Holyrood 2016: How could the SNP's tax plan raise an extra £2bn?
The Holyrood election campaign is under way and the policy announcements from Scotland's main political parties are starting to flow.
But do they make sense to you and where do the figures used come from?
Here, I've looked at the SNP's claim that its tax plans would raise an extra £2bn over the next parliament.
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How might an extra £2bn be possible?
Most of the potential revenue is from a change to the threshold at which higher rate payers would start to pay tax, already rising to £43,000 with the start of the new financial year.
The SNP said it would not implement the full increase being planned by George Osborne for the rest of the UK, but restricting the increase to inflation.
The Chancellor has started raising that threshold faster than inflation, and the Conservative manifesto last year set out to raise it to £50,000.
This is a tax cut, because each pound earned between the current and future threshold for 40% will be taxed at only half the rate (20%) if it falls into the basic rate band.
So, where does Ms Sturgeon find £1.2bn extra as she claims, from a tax cut. It involves part of the Fiscal Framework agreed with the Treasury in London.
In future, if Westminster policy means an impact on Scottish revenue, Westminster has to compensate Holyrood for that.
By cutting tax for higher earners, but not doing so for Scotland, George Osborne is reckoned by Scottish government economists to owe £120m in 2016-17, rising to £350m in 2020-21. Add up the years, and you get £1.25bn.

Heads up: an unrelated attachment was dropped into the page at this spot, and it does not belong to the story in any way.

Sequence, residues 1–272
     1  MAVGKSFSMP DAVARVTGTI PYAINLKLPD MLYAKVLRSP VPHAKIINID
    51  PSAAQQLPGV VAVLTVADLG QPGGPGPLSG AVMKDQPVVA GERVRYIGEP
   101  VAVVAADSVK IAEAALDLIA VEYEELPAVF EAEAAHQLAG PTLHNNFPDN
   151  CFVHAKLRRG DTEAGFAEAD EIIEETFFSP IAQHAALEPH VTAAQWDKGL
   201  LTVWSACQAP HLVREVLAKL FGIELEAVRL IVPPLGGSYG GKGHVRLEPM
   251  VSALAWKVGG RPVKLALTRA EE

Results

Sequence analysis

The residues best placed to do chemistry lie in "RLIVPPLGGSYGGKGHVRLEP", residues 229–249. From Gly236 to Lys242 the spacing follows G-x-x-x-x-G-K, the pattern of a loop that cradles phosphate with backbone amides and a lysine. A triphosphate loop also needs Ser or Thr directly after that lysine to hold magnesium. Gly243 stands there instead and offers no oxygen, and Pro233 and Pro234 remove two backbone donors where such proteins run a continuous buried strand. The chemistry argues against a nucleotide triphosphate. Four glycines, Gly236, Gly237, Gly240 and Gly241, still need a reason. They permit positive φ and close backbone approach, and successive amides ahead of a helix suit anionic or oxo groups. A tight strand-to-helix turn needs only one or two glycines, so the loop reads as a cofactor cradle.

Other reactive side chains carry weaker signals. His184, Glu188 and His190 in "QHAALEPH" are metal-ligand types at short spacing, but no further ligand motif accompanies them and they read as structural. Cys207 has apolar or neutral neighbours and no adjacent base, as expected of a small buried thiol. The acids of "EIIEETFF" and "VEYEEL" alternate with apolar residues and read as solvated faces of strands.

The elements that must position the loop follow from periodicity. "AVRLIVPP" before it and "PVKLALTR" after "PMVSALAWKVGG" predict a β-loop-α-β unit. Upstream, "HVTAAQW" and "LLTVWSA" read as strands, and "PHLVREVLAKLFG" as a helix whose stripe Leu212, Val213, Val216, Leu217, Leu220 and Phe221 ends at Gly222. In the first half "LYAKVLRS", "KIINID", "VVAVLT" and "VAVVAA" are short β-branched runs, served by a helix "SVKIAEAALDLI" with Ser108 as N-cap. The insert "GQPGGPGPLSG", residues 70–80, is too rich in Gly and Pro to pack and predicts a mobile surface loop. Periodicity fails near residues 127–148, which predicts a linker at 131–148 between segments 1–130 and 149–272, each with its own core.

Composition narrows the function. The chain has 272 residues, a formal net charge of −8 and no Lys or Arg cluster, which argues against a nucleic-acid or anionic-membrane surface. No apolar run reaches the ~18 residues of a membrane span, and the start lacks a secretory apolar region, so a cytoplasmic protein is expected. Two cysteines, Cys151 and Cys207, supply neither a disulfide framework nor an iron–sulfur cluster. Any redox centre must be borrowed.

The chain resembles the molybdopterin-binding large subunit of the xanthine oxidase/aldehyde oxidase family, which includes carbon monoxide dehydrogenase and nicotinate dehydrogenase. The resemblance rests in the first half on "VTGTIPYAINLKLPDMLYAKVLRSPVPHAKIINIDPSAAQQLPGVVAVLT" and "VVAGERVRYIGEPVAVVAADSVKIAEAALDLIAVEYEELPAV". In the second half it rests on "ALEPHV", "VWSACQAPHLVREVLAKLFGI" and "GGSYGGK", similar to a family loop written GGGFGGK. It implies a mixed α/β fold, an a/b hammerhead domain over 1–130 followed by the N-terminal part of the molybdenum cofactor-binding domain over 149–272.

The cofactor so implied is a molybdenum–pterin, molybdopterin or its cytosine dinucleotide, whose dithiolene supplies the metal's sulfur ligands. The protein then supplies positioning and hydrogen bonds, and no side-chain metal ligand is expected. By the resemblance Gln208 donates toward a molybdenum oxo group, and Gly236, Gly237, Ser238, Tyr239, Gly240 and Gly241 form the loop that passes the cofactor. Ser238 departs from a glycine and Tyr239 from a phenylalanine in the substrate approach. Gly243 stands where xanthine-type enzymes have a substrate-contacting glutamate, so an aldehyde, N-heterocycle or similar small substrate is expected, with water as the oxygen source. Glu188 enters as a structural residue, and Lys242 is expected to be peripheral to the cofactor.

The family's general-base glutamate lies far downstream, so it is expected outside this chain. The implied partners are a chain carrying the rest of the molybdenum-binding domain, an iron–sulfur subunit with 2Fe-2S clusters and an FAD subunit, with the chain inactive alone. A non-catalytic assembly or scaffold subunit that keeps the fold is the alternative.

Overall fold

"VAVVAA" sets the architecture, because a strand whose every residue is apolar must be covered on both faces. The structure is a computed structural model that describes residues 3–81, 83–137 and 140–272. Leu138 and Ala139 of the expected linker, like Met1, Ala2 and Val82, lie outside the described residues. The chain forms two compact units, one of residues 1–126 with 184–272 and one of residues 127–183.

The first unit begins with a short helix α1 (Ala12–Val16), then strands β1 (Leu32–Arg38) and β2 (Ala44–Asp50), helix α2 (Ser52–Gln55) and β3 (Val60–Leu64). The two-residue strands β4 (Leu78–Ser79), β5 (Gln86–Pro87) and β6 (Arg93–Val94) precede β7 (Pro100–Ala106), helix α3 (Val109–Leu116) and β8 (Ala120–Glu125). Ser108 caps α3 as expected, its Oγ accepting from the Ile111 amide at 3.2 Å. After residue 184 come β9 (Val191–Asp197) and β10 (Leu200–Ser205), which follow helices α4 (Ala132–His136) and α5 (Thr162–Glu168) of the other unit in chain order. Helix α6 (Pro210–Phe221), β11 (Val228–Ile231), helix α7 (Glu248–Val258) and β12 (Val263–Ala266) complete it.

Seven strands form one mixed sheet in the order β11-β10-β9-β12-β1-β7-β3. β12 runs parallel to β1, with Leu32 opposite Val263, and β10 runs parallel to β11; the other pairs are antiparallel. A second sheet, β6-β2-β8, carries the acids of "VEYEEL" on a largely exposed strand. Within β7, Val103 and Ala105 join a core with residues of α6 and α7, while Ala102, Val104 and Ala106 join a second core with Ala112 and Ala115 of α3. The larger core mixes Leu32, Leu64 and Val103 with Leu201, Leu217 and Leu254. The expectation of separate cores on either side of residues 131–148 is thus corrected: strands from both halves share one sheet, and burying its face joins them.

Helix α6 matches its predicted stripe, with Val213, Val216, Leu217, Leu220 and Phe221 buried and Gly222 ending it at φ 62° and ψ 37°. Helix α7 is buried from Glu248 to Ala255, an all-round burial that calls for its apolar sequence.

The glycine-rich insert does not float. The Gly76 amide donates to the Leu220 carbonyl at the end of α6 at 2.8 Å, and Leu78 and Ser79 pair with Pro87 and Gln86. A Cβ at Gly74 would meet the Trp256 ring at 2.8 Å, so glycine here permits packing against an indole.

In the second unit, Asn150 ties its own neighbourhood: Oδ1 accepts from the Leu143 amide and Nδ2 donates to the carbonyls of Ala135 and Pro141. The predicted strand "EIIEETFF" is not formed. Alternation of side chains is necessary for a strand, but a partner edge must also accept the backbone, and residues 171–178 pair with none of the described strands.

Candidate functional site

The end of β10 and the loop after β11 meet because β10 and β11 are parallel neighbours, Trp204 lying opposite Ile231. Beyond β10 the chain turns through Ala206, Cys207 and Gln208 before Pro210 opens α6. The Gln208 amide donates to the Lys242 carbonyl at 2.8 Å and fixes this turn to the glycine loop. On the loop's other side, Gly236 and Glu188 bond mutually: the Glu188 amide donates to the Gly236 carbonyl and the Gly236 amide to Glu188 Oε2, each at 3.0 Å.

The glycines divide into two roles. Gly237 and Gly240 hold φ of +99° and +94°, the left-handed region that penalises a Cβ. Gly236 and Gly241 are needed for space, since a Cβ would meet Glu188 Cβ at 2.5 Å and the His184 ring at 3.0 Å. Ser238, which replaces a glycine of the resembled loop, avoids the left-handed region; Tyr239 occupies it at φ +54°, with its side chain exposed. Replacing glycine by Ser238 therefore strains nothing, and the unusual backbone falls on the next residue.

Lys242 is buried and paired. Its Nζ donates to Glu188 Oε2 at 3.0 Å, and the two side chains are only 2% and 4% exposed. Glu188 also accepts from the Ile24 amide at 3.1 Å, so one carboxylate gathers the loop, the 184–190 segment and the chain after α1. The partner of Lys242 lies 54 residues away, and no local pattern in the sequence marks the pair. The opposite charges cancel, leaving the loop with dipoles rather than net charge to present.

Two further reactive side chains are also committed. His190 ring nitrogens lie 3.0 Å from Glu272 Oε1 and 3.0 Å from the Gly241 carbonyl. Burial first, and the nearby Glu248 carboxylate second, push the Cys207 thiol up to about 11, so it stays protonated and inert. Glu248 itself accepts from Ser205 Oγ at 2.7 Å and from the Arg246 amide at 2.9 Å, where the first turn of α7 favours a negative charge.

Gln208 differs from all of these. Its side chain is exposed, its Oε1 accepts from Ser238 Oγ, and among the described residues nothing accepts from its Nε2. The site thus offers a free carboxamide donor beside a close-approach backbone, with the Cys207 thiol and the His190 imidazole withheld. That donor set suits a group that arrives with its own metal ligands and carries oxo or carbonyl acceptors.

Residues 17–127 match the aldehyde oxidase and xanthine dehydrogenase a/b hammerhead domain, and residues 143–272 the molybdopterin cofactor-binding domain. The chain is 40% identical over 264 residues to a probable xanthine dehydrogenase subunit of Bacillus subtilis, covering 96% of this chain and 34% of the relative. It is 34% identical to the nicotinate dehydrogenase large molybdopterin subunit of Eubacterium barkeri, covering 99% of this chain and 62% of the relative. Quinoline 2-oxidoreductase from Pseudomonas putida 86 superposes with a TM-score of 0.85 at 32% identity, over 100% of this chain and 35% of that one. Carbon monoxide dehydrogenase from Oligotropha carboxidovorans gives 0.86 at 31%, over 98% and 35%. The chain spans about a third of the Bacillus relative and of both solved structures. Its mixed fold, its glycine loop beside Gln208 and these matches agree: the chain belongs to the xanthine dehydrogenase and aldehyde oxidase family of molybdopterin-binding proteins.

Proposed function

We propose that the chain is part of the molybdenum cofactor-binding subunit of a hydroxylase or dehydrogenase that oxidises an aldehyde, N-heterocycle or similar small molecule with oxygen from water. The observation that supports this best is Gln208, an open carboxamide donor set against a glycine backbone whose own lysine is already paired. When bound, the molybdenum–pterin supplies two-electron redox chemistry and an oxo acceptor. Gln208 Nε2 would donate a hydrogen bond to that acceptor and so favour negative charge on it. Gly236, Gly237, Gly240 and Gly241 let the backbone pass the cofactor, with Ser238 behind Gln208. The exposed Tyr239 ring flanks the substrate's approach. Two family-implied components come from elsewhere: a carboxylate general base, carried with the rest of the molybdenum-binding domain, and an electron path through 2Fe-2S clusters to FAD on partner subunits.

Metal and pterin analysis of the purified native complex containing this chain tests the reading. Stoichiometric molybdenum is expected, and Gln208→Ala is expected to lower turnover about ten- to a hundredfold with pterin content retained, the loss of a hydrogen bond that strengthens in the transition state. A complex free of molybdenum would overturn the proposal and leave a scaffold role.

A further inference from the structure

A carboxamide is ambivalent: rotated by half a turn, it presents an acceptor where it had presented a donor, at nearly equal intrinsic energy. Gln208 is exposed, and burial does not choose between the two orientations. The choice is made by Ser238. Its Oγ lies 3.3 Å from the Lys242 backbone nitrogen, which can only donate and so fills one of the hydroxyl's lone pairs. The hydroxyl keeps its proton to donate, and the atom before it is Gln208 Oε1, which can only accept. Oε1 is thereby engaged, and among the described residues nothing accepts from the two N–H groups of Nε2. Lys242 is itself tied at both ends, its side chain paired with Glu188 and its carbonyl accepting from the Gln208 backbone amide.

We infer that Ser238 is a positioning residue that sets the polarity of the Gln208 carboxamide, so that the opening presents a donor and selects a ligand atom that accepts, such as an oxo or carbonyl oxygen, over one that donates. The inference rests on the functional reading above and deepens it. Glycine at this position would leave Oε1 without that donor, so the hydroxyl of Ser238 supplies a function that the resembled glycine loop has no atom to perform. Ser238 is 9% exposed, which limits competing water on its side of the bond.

|Who pays taxes?|
And what about the rest of the £2bn claimed by the SNP?
The party is proposing that councils should be allowed to increase Council Tax rates by 3%.
If all 32 local authorities do so, that would bring in an extra £350m if you add up the figures over five years (the annual revenue is now just under £2bn, so the first year would bring in an extra £60m).
In addition to that, a re-organisation of council tax bands is expected to draw another £500m from owners of more valuable homes - again, in tranches increasing over the five years, and totalling that half billion.
And big business faces a tax hike of £650m from non-domestic rates.
The total of that comes to £2.7bn. But as some of it depends on council decisions, and perhaps because the SNP doesn't want to sound too keen on high tax, it has been rounded down to "two billion".
How do rivals of the SNP see things?
Unsurprisingly, opponents see things differently to the SNP.
One aspect of the arithmetic highlighted by rivals of the SNP is that higher rate tax-payers will be paying more tax - up to £323 more - relative to people with the same taxable income in the rUK.
So one interpretation of this is that Holyrood gains from compensation through an adjustment to its block grant from Westminster - though that calculation is open to dispute between parties in the campaign, and between governments from next year.
The other way of looking at this is how much Scottish taxpayers have to fork out. And under SNP plans, higher earners would be handing more money to Holyrood, so you can choose to see this as a (relative) tax raid on higher earners.